One of my favorite purchases is a robot vacuum. It takes away the petty argument of “who's going to sleep/vacuum the floors today”? We just turn on the vacuum and enjoy the 40 minutes we get back each day from commanding a robot. I also like to automate typing. Dictation software saves me so much time as a writer. If there is a tool that can help your business like customer management software, use it!

Speaking of time-consuming work... sometimes it just pays to hire help to make more time for your big projects. There are a lot of tasks in the freelancing business that don't directly bring in income such as tax prep, drafting contracts, sending proposals, creating email campaigns, and more. These can take up a lot of precious time that a freelancer can give back to you. In fact, I decided to do taxes myself this year and it took a whole week in between jobs. In hindsight, I should have gotten help from a Fiverr freelancer. I had to turn down a few juicy writing gigs due to this chore, but hiring a tax specialist could have helped me stay on schedule (and not lose money).

Your routine is your backbone.

When the day falls to shreds, one thing that I can always count on is my routine. Every day after lunch, the kids have a quiet time in which everyone recharges individually. Since this routine has been in place since my kids were babies, everything runs like clockwork. With online school in the mix, I now can plan work when my daughter is engaged in learning. I proactively scheduled her for the afternoon class to align with my toddler's nap time.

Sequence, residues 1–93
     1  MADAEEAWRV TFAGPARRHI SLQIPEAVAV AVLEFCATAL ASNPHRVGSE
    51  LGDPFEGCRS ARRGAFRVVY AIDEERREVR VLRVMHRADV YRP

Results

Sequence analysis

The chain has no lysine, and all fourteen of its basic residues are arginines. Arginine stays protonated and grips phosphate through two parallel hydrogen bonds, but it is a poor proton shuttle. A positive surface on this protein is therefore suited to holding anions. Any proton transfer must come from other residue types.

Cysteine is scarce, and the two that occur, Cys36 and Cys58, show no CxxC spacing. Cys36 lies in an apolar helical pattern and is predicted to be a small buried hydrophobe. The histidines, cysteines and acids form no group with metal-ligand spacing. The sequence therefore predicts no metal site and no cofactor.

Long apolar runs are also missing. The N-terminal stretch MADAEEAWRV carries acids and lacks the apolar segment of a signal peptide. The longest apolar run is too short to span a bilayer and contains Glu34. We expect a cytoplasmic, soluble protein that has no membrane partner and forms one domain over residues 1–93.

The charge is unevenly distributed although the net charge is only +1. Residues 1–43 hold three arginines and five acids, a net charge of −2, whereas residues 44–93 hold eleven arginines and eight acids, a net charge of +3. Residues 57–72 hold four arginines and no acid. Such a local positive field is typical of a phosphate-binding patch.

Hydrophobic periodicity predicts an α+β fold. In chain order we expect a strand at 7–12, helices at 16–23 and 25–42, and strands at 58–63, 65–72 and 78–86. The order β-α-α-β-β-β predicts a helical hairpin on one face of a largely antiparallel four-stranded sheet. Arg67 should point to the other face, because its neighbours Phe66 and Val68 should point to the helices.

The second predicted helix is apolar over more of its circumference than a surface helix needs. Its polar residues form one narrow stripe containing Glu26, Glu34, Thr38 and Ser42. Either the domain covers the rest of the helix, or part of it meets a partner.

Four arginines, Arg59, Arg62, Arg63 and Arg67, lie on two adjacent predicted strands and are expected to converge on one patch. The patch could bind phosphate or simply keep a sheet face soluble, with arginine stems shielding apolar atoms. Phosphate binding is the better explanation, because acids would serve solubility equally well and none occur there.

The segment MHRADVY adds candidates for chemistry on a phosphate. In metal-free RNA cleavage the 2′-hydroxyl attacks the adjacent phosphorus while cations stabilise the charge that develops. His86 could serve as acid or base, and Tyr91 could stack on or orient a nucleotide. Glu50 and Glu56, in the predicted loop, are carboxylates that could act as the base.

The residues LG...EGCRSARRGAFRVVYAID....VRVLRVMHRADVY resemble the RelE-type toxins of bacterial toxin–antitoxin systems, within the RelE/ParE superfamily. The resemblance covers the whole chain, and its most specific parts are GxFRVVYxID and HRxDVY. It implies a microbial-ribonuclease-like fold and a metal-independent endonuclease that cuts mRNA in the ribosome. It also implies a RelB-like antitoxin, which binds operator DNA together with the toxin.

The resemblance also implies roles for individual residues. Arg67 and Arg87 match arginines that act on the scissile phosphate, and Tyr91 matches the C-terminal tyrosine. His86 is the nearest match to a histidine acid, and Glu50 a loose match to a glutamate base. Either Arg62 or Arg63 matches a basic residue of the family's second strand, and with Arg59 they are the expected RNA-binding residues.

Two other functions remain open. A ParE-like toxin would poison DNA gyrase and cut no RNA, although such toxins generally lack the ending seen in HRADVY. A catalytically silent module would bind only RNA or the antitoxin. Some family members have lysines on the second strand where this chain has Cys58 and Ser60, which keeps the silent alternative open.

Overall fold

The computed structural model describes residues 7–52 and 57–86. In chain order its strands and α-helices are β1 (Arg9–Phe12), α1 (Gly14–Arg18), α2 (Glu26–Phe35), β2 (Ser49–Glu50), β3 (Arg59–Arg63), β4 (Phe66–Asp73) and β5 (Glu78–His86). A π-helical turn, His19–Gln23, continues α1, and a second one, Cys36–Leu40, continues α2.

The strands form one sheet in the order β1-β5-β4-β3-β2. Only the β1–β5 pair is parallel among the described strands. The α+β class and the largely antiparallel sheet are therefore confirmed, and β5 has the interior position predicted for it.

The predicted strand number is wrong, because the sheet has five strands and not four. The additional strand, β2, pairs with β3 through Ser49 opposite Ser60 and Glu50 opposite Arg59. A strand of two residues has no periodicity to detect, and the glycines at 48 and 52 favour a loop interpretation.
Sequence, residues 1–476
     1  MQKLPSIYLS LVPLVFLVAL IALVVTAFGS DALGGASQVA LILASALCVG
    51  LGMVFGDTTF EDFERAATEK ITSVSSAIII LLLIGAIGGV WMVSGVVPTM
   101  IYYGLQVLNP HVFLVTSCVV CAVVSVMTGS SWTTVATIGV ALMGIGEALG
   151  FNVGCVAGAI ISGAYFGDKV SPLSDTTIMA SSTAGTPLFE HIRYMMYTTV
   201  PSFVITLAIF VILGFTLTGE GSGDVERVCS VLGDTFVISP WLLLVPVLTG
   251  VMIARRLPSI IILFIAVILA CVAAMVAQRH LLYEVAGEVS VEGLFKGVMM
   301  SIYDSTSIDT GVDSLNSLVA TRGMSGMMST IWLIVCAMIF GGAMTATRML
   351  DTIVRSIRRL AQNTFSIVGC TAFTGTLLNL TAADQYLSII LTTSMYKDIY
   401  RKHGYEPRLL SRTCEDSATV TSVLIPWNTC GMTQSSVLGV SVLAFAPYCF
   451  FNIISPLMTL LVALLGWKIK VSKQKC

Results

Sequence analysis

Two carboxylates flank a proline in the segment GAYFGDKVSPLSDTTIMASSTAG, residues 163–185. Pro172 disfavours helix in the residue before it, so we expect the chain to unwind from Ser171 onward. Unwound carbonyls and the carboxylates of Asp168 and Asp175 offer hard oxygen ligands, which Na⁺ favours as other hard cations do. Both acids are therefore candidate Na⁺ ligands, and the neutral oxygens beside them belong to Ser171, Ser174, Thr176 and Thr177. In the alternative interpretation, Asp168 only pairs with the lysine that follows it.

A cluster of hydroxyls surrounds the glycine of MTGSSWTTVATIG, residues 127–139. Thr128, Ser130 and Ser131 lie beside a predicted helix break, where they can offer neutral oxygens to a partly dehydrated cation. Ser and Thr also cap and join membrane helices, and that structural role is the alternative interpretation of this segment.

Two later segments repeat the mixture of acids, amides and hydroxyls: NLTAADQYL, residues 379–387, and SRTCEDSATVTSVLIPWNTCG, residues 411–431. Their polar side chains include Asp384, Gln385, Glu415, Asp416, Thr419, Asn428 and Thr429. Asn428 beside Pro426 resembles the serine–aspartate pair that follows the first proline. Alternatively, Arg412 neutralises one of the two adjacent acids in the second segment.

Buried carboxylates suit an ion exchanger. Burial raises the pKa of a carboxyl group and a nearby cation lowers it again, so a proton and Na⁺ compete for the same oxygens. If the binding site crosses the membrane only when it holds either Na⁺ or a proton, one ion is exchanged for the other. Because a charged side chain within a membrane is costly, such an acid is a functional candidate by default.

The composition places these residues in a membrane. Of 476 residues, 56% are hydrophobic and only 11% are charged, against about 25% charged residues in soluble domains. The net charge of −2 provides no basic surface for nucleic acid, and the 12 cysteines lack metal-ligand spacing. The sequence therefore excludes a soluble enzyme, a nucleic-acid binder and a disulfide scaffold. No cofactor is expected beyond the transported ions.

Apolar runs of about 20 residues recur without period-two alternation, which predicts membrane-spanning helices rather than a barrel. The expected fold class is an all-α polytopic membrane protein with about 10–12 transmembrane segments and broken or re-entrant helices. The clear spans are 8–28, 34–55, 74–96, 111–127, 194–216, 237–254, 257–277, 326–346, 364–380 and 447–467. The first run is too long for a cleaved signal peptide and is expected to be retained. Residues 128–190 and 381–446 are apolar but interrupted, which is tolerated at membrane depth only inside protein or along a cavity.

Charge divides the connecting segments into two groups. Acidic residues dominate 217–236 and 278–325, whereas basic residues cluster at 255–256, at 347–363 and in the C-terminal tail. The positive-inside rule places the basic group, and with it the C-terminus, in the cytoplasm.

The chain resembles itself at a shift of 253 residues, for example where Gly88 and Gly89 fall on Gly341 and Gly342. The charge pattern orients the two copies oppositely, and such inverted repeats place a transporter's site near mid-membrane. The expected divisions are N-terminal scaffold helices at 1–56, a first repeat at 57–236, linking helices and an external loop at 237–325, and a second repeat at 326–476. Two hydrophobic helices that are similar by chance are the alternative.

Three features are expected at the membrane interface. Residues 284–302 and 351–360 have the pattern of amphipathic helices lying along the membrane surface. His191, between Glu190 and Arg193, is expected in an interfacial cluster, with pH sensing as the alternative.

Knowing that there is a set time of day where you can get some guaranteed work done or self-care is incredible — especially when you’re all at home all the time. I remember a lot of my emergency writing deadlines depending heavily on this quiet time. Also, if you're running a one-parent show, don't feel guilty if you need to turn on Pocoyo on a tablet to get the last 30 minutes you need to focus sans kids.

Stay organized.

When your home is split into different functional zones, you can maintain (some of) your sanity. My daughter's schoolroom is actually a desk in our master bedroom. It has its own bathroom so she doesn't have to come into the hallway and make my toddler son think it's playtime.  I also bought a laptop so I can turn any part of the home into my workstation, which helps when I need to keep up with an active boy.